(The following blog was written by Dan Genzler, who writes The Genz blog at www.genzmania.com.)

“Each time we say a word, think a thought or create an action; we evolve into who we are destined to become. So with each shift we are continually changing never to be that same person again.” ~ Author Kaoru Shinmon

I’m not sure why some people see life as a glass half-full and others with a glass half-empty. I do know this; it takes less energy to smile than frown.

Smiles, positive thinking and living life with their glass half-full define Mike Henriksen and Mark Ovenden, the co-hosts of Calling All Sports, a Sioux Falls, S.D., based sports talk show. Each day, the duo helps make our lives a little better with their fun and informative sports talk radio show that adds something new every day.

It is a show that provides a powerful human interest niche to the local market. Whether Mike H. and Mark O. are interviewing a rising musical star, a high school sports standout, a new media professional in the area, analyzing the relevance of the State-U rivalry, or a myriad of things happening in the local, regional and even national scene, these guys always bring it.

A person doesn’t have to see them to feel their trademark positive tone. CAS is an upbeat, lively show that makes me smile a bit, think some, and always enjoy. When it is half over, you don’t notice. The time flies as swiftly and smoothly as the interplay between Mike H. and Mark O. and their guests.

One day recently, I stopped in to observe the two wily old broadcast pros. Believe me, they are a pair with energetic personalities and enviable pep in their step.

Over the course of the hour at the KWSN studio, they hit on snowball fights and how to make a snow angel, what team might win the Super Bowl or why a local band was worth a look.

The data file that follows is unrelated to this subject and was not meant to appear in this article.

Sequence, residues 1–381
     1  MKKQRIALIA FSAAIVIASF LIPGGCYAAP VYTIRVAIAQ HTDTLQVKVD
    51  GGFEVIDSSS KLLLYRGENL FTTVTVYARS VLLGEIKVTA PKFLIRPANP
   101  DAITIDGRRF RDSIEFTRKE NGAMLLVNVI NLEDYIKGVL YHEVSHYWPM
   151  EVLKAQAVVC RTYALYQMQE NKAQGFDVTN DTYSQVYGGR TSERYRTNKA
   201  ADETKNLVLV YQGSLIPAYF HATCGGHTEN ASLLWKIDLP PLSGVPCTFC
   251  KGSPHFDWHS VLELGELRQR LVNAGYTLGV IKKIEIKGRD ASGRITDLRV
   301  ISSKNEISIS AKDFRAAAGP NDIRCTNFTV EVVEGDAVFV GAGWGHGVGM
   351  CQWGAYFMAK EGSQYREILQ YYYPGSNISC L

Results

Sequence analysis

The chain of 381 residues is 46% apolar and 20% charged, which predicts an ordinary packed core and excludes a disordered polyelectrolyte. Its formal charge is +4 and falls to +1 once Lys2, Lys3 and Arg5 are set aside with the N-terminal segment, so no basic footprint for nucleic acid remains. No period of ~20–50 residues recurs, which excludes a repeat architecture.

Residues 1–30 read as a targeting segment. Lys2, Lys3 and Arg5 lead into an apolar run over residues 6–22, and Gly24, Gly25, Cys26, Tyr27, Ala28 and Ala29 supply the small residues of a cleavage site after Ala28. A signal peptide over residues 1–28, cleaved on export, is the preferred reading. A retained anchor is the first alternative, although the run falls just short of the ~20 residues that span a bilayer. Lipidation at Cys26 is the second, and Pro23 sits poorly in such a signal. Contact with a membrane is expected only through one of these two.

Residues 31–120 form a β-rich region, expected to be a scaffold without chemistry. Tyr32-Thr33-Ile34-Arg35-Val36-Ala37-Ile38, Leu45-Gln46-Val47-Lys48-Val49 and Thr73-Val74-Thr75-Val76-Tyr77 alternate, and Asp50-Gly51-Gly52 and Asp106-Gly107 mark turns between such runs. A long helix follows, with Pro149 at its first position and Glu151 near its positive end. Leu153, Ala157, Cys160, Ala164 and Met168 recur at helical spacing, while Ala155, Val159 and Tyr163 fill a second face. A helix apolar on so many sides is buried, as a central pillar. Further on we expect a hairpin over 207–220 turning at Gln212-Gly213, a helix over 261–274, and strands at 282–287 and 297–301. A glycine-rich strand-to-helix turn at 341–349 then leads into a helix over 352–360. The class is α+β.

Recently, they interviewed O’Gorman coach Steve Flynn about the one-day bowling state tourney and what makes bowling a unique sport. Another day, they dedicated a show to visit with people impacted by Missouri River flooding in Pierre, Dakota Dunes and elsewhere.

Just reviewing the show’s various guests indicates that they go down a varied path.

The list of guests ranges far and wide, including former Mt. Vernon native and now Minnesota Vikings linebacker Chad Greenway and former Augustana and Broncos standout Karl Mecklenburg. They have discussed kicking and football issues with NFL kickers such as David Treadwell and Nick Lowery.

At various points they have interviewed Twins announcer Dick Bremer to discuss baseball. They chatted about Super Bowl beverages with Ashley Kirsch of Cask and Cork in Sioux Falls and visited with Mark Cartwright of the Cartwright Brothers about the Dan Christopherson Bash for Cash. They talked about college football with Oklahoma Sooners offensive coordinator and former Aberdeen native Josh Heupel. Another guest was the irrepressible and 90-year old former U.S. Senator George McGovern.

They have interviewed new media talent in the area like KSFY’s Paige Pearson and spoke with former Tyndall resident and now model and personal trainer Jodi Tiahrt of Los Angeles. They brought on USD men’s BB coach Dave Boots after his 600th win and SDSU basketball coach Scott Nagy after career win 300. The guest list includes various sports information guys, numerous coaches, newspaper and TV guys, plus former Vikings QB Joe Kapp and Olympian pole vaulter Derek Miles. Guests have also included Terri Lawrenz and Todd Magnuson of Nature Adventures on SDPB, among a host of many others.

As I sat and observed the pair in the studio, I laughed quite a bit, learned some, and generally had a great time. I even quizzed the interview pros.